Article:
Posts Tagged ‘Cenotaph’

soldier

 

Hating war – arguing for a pacifist position, even one that is not utterly purely pacifist – does not mean we cannot weep for and celebrate those who fight wars on our behalf.

With the tragically costly conflicts in Afghanistan and Iraq, Remembrance Sunday – just like Anzac Day in Australia and Memorial Day in the USA – has assumed a new significance, and a new enthusiasm from the young.

 

From left to right: Distinguished Service Cross, 1914-15 Star, British War Medal 1914-18, Victory Medal 1914-18, Medal for Military Valour, Mercantile Marine War Medal 1914-1918,

From left to right: Distinguished Service Cross, 1914-15 Star, British War Medal 1914-18, Victory Medal 1914-18, Medal for Military Valour, Mercantile Marine War Medal 1914-1918,

 

For ourselves, remembering a father who died at 46 worn out by terrifying six years of naval service, a cousin who endured tropical diseases for his entire life after incarceration in a Japanese Prisoner of War camp, a Grandfather who served in the trenches in World War 1 and another Grandfather who received the DSC for trawling up mines dropped by Zeppelins in Portsmouth Harbour, we have always paused for two minutes at the appointed hour, bought our poppy to wear in our lapel, and subscribed to war casualty charities.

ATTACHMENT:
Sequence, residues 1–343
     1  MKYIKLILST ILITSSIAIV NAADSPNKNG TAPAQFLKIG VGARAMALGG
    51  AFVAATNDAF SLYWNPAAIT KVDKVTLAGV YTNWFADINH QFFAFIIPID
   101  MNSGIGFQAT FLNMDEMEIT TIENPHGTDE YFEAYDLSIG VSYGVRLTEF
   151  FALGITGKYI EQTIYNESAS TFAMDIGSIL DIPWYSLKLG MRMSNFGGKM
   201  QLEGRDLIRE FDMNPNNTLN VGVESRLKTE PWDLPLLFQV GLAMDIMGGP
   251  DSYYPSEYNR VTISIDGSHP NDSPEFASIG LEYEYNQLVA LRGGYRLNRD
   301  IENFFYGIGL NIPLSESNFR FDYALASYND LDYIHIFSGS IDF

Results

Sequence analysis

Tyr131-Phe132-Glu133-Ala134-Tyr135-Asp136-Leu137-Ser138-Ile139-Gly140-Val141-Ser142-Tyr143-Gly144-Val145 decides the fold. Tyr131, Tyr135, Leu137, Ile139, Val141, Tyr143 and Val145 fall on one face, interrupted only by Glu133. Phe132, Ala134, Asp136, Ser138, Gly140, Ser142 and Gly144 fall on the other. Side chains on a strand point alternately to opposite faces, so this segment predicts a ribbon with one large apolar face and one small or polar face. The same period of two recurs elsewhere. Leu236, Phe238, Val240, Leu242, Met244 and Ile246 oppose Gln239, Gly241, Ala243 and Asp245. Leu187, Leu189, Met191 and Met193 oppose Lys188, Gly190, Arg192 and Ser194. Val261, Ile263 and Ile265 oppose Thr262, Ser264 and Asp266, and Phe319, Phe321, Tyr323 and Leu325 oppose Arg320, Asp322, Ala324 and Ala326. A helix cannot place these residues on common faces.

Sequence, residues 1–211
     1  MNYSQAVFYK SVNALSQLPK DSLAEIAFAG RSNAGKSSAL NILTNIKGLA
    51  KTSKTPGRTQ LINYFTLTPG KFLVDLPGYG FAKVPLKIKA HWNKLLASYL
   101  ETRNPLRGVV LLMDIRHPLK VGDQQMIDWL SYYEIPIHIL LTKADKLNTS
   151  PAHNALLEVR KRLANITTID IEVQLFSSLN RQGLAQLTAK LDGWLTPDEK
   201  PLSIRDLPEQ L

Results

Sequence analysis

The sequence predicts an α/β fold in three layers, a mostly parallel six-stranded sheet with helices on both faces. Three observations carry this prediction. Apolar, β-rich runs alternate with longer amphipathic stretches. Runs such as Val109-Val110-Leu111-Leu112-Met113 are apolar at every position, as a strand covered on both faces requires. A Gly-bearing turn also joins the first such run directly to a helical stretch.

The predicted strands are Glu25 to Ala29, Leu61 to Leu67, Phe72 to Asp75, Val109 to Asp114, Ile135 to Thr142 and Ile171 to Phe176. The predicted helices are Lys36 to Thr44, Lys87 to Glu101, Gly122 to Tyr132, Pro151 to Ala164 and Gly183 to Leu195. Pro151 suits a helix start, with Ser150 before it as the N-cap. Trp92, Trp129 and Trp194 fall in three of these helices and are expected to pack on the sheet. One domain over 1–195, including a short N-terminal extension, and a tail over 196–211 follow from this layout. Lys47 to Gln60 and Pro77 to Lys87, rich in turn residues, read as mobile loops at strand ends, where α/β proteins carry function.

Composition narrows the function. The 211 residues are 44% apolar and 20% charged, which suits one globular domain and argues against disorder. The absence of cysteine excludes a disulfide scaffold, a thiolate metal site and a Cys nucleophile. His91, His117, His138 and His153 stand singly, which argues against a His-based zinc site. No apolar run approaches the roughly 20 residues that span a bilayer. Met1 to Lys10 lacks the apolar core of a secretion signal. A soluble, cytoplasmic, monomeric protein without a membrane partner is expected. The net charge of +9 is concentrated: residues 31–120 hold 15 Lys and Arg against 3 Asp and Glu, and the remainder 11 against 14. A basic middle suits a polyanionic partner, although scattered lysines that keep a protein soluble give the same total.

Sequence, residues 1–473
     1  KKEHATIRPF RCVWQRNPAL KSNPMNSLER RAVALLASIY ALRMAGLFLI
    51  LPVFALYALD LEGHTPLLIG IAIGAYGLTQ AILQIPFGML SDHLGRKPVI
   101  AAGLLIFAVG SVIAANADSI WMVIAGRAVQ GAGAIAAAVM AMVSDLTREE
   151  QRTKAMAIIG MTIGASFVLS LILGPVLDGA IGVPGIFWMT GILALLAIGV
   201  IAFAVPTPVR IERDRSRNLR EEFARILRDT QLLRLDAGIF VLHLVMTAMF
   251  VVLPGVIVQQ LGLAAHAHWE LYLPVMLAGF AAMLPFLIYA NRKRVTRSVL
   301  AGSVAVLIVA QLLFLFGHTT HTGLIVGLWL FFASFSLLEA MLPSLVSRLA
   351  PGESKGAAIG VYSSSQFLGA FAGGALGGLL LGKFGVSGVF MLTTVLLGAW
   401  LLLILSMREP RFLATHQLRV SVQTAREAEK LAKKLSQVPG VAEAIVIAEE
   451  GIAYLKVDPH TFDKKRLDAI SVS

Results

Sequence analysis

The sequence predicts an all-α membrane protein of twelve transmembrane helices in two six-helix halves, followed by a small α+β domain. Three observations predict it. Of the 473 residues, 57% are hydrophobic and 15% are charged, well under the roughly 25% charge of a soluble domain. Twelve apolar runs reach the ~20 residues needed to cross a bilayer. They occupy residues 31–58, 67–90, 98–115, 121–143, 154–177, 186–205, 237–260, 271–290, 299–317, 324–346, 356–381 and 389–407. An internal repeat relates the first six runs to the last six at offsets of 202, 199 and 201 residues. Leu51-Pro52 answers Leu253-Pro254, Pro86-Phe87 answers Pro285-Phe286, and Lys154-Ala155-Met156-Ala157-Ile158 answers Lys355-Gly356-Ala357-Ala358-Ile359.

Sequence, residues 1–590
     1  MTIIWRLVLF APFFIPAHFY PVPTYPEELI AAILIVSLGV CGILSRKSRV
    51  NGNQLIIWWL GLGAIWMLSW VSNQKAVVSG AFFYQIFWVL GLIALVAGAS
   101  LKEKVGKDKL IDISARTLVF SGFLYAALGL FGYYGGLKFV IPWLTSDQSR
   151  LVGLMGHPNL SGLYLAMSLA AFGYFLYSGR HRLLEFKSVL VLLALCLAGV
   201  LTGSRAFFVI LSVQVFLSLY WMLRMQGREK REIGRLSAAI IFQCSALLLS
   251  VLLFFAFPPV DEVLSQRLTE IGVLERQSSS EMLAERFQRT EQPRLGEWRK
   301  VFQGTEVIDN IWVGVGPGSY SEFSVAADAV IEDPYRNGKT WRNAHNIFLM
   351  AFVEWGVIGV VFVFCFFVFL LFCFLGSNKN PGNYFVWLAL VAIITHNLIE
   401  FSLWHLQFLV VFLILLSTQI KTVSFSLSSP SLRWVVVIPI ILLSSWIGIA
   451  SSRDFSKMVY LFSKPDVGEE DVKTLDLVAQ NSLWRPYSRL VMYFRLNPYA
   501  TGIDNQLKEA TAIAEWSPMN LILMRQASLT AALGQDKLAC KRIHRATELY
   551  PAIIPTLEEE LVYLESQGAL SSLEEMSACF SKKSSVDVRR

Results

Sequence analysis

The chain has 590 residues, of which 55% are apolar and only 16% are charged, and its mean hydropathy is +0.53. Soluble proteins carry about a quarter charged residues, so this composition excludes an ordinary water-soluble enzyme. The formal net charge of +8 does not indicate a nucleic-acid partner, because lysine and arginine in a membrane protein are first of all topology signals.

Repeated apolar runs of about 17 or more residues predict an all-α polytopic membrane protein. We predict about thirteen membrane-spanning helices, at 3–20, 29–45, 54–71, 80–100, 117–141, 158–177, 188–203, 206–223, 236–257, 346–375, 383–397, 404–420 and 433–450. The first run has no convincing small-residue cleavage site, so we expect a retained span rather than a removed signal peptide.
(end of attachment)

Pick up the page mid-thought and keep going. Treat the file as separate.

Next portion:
In our view, despite that, we are convinced that the very best way to show our respect for those we commemorate is to state, unequivocally, the old an unarguable truth.

“War will continue until men refuse to fight.”

This list of current conflicts, worldwide, makes very depressing reading. Are we really doing the best we can?

Listen to any old soldier, and simultaneously, along with their sadness felt for their injured or fallen comrades, and their quiet pride in “a job well done”, you will almost always hear them explain how the horror of war was worse than anything they could have imagined. How they often felt they had more in common with the foot-soldiers opposing them than they did with their own leaders. And always, how anything must be tried, and done, before humankind responds to a crisis by turning to arms.

Even the most significant war leader in 20th century history, Winston Churchill, who through sheer force of will saved the world from fascism and rescued democracy in its darkest hour, remarked, “Jaw-jaw is always better than war-war.”

From their graves, the dead of countless wars cry out to us for attention. “Don’t do it again! Don’t do it again!”

If you are interested to purchase my collection of poems called Read Me – 71 Poems and 1 Story – just head here.